There were 8, 000 cars in the US and only 144 miles of paved roads
The maximum speed in most cities was 10 miles per hour
               One hundred Years Ago
Alabama, Mississippi, Iowa and Tennssee were more heavily populated than
California. California, 1.4 million, was only the 21st most populous state in
the Union
Average pay was 300 dollars a year
The highest paid professional was a veterinarian at $4000 dollars a year
95% of all births in the US took place at home
Sugar cost 4 cents a pound. Eggs were 14 cents a dozen. Coffee was 15
cents a pound
Most women only washed their hair once a month and used borax or eggs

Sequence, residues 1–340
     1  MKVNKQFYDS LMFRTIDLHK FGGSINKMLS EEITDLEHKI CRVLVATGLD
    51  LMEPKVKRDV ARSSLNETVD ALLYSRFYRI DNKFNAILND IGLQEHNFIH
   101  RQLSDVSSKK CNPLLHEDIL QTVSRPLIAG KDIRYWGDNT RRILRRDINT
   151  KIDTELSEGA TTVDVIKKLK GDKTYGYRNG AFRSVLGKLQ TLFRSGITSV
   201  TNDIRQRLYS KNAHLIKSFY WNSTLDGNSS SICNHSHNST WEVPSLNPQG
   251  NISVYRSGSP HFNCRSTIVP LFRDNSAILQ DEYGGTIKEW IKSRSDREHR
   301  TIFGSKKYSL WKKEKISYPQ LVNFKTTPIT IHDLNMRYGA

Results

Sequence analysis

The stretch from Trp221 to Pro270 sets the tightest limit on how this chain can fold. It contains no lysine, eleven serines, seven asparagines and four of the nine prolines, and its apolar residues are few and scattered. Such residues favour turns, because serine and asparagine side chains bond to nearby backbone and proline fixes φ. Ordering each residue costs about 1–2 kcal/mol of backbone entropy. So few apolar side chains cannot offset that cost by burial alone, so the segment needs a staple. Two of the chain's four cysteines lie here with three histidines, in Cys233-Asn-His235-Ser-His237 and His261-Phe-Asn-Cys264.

yolks to shampoo.
               One hundred Years Ago
Canada passes a law prohibiting poor people from entering the country for
any reason.
The five leading causes or death in the US were 1. Pneumonia, 2.
Tuberculosis 3. Diarrhea, 4. Heart disease and 5. Stroke
The American flag has 45 stars. Arizona, Oklahoma, New Mexico, Hawaii and
Alaska had not been admitted to the Union.
The population of Las Vegas, Nevada was 30.
Canned beer and iced tea had not been invented.
There were no Mother’s or Father’s Day
One in ten US adults could not read or write.
Only 6% of All Americas had graduated from high school.
                One hundred Years Ago
Marijuana, heroin, and morphine were all available over the counter at corner
drugstores. According to one pharmacists, “Heroin clears the complexion,
gives buoyancy to the mind, regulates the stomach and bowels, and is, in
fact, a perfect guardian of health.”
Eighteen percent of households in the US had a least one full-time servant or